On May 23, 2011, the Department of Justice (DOJ) published a proposed rule in the FEDERAL REGISTER (attached) to establish procedures through which certain Indian tribes (whose Indian Country is subject to state criminal jurisdiction pursuant to the “mandatory” provisions of PL 83-280) can ask the federal government to assume concurrent criminal jurisdiction. The deadline for comments on the proposed rule is July 7, 2011.
The proposed rule would implement Section 221 of the Tribal Law and Order Act of 2010 (PL111-211) which amends mandatory provisions of PL 83-280 to provide that, upon the request of an Indian tribe and the consent of the United States Attorney General, the United States shall accept concurrent criminal jurisdiction over the tribe’s Indian Country. This provision partially addresses the longstanding controversy over the imposition of state criminal jurisdiction in some parts of Indian Country during the Termination Era. For a summary of the Tribal Law and Order Act (TLOA), see General Memorandum 10-100 (July 29, 2010).
In 1953, Congress enacted Public Law 83-280, better known as simply “PL 280,” which transferred federal criminal jurisdiction in Indian Country to six states (the “mandatory” states) without any tribal consent (18 U.S.C. § 1162). PL 280 also allowed other states, eventually ten states (the “optional” states), to assume complete or partial criminal jurisdiction over Indian Country, again without tribal consent. An amendment enacted as part of the Indian Civil Rights Act of 1968 (25 U.S.C. § 1323(a)) requires tribal consent before any more states can assume jurisdiction, a change that effectively ended the ability of new states to assume PL 280 jurisdiction. The 1968 amendment also allows states to return, or retrocede, jurisdiction back to the federal government. The discretion to seek retrocession lies totally with the state. To date, nearly 30 tribes have successfully asked states to retrocede some or all jurisdiction over crimes back to the federal government. The preamble to the proposed rule includes a background explanation of criminal jurisdiction in Indian Country generally, the changes wrought in some places by PL 280, and the relevant provisions of the TLOA.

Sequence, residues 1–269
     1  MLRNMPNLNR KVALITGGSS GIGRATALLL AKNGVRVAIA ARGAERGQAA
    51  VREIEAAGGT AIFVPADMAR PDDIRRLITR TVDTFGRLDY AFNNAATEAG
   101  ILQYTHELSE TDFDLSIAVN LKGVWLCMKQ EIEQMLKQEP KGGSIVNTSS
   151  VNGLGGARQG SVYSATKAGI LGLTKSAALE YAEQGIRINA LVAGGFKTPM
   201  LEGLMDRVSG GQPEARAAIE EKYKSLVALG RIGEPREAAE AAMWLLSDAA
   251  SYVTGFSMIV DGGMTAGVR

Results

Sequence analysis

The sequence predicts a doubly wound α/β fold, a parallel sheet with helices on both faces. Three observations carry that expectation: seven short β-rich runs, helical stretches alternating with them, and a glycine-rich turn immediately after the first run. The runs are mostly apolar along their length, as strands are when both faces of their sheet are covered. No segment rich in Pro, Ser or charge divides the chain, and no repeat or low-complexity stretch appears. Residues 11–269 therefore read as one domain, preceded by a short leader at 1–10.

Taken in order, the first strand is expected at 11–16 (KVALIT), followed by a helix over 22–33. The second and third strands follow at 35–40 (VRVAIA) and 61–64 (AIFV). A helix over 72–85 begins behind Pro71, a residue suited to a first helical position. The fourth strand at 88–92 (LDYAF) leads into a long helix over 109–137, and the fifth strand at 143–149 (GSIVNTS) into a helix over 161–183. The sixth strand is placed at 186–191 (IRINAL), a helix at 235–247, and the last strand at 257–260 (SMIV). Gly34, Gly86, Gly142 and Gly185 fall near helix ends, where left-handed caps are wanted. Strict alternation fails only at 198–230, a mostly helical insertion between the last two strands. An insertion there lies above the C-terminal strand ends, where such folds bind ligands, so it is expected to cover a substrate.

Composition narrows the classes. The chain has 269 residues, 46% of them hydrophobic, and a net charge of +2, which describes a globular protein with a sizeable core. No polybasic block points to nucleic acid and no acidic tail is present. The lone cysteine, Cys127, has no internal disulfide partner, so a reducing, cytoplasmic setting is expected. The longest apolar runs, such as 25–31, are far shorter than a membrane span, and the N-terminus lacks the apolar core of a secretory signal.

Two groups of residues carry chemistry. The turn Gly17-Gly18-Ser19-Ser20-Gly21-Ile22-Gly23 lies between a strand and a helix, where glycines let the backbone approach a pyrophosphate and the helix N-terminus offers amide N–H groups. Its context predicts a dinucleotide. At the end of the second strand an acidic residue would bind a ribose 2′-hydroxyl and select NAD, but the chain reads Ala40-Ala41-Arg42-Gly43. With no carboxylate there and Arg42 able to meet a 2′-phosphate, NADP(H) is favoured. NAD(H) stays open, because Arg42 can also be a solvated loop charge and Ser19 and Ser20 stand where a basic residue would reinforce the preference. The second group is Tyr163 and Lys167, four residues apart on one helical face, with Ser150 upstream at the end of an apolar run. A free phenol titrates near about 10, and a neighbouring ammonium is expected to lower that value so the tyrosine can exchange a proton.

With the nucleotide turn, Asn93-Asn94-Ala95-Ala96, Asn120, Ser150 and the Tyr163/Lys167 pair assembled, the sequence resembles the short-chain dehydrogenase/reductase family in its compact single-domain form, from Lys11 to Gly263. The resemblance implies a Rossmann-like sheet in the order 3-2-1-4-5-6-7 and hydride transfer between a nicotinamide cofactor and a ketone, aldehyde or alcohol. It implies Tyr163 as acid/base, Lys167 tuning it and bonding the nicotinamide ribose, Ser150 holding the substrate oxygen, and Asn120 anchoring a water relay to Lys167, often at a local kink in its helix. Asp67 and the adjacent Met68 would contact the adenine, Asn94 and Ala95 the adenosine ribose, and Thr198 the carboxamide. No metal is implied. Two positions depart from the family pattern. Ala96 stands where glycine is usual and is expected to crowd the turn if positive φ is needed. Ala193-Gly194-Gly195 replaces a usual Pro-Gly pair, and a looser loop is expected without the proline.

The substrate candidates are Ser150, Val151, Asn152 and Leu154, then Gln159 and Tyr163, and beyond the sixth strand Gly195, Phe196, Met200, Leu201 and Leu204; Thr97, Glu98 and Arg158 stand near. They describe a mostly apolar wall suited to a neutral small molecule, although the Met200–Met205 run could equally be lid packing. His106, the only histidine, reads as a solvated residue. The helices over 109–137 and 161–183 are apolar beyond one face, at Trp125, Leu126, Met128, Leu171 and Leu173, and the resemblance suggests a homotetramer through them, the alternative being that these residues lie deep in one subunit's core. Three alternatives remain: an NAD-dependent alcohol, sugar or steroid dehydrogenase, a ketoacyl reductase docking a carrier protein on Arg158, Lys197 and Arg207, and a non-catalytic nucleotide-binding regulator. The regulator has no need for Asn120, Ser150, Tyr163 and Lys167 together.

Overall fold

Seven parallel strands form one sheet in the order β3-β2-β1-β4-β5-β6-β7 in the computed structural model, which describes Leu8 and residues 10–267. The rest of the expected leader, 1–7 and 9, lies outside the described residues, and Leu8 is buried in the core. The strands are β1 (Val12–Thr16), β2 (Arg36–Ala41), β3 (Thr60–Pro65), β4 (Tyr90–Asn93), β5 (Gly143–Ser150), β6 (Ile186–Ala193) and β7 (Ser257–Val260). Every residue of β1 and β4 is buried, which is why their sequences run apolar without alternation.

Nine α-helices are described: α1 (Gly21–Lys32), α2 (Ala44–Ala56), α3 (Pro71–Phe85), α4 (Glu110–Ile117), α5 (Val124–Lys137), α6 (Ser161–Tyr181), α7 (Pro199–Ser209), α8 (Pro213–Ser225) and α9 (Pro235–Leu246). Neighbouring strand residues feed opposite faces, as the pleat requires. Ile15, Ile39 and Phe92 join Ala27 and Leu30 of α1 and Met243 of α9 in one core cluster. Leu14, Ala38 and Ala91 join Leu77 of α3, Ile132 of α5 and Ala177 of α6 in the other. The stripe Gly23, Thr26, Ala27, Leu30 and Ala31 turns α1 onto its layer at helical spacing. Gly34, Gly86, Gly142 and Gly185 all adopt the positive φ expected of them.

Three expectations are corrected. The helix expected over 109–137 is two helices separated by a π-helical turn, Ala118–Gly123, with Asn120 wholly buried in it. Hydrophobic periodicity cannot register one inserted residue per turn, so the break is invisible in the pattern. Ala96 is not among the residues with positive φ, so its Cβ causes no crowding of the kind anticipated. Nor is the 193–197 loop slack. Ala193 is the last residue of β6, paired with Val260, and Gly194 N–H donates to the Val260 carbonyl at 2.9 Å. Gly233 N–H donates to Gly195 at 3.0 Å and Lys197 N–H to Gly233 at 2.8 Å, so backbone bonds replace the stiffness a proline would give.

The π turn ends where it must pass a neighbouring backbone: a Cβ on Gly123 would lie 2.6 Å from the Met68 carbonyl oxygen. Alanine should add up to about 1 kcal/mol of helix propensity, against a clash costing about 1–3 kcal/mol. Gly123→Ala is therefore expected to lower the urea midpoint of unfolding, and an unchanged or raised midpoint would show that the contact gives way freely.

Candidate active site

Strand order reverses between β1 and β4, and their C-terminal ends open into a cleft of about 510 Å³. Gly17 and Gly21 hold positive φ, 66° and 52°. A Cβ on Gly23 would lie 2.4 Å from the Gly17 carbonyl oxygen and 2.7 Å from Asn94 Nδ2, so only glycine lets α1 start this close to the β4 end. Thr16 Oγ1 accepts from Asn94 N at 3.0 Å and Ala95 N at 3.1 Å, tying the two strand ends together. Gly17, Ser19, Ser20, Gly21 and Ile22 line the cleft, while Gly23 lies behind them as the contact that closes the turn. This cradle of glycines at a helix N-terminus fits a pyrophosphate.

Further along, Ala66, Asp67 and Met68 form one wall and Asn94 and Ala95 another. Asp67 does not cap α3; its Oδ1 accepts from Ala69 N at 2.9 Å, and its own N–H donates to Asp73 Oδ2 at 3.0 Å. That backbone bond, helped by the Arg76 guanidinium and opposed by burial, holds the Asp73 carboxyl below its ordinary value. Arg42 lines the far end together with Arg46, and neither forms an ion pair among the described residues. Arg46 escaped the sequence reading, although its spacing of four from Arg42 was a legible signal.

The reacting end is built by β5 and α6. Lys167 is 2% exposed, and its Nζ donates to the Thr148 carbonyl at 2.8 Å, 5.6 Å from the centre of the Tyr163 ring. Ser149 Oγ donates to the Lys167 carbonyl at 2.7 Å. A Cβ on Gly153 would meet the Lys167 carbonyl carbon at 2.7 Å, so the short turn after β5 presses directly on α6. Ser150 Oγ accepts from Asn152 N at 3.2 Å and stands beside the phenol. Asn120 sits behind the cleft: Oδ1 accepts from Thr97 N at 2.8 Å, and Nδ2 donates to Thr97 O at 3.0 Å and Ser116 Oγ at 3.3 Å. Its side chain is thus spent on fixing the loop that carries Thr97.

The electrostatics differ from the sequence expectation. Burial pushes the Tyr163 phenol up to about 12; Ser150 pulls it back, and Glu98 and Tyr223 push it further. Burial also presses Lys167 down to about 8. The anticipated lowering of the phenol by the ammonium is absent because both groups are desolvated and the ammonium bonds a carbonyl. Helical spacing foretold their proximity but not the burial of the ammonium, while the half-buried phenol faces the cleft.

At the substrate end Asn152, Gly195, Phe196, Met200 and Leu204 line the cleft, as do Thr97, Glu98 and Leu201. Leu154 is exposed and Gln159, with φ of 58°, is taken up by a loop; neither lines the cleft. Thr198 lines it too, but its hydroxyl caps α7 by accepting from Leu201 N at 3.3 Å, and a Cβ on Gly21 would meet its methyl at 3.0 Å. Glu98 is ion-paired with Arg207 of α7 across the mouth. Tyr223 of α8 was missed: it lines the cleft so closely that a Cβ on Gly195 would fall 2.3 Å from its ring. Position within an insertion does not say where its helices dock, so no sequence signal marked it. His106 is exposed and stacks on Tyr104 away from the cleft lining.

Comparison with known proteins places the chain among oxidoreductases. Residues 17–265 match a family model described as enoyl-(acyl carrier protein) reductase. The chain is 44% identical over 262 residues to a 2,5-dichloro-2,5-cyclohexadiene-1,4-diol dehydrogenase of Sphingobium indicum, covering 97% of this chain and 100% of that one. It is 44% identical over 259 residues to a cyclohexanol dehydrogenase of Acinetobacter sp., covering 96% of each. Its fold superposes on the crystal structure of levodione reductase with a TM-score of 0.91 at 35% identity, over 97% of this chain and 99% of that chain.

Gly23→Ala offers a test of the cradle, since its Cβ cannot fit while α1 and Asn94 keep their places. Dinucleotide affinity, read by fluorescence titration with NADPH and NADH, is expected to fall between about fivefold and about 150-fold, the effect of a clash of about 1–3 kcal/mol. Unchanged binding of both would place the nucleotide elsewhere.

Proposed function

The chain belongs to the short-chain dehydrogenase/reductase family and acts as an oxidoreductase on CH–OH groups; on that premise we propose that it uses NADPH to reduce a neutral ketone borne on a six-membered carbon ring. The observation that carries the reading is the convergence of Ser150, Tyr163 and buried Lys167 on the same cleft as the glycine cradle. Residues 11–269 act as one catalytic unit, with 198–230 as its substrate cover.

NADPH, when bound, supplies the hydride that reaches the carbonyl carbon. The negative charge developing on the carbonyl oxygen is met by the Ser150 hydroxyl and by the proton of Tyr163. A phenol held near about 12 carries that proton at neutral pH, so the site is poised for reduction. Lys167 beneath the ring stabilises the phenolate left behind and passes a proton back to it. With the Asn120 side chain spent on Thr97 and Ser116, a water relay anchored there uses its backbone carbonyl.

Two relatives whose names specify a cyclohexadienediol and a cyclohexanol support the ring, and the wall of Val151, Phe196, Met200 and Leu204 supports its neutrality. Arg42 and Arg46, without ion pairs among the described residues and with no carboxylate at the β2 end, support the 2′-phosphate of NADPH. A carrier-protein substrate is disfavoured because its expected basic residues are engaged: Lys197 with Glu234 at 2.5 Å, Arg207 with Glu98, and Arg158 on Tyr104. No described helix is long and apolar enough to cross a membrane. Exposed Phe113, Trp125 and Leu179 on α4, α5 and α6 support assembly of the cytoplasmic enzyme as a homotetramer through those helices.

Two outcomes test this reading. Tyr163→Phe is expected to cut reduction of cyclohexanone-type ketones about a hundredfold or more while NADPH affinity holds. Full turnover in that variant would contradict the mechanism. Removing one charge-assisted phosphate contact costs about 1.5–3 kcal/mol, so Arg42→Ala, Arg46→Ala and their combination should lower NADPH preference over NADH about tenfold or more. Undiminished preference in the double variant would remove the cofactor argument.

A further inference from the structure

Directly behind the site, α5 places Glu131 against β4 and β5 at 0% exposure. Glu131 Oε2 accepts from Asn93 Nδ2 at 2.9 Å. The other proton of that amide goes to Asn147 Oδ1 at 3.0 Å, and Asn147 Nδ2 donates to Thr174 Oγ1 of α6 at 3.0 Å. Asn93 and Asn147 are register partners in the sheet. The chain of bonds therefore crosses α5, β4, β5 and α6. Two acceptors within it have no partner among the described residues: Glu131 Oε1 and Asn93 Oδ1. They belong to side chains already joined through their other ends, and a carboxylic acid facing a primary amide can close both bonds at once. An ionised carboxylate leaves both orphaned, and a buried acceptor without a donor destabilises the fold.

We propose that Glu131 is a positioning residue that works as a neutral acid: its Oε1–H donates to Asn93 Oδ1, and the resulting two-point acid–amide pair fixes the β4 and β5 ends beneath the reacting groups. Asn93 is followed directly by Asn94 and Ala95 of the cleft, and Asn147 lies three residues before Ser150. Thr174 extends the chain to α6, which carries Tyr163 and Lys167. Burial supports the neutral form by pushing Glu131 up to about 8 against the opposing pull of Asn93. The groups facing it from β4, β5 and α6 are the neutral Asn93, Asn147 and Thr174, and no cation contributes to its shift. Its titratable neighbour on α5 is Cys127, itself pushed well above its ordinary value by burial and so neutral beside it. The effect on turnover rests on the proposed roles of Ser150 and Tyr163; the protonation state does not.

For years tribes and tribal organizations have sought a legislative remedy to allow them, rather than states, to initiate and complete the retrocession process. Section 221 of the TLOA provides tribes with a partial victory. The TLOA allows tribes to request the U.S. Attorney General to consent to assume concurrent federal jurisdiction over Indian Country in “mandatory” PL 280 states. As originally introduced, the bill would have required the U.S. to automatically reassume jurisdiction at tribal request, without the requirement for consent of the Attorney General.
The proposed rule would govern the Attorney General’s decision on whether to assume federal jurisdiction pursuant to tribal request. The Attorney General will weigh seven factors in making the decision, including whether assumption will increase: the availability of law enforcement resources; access to judicial resources; access to detention and correctional resources; and information received from federal agencies, tribal consultation, and state and local law enforcement agencies. Significantly, the proposed rule would not permit the requesting tribe to appeal a decision to deny the assumption of concurrent federal criminal jurisdiction.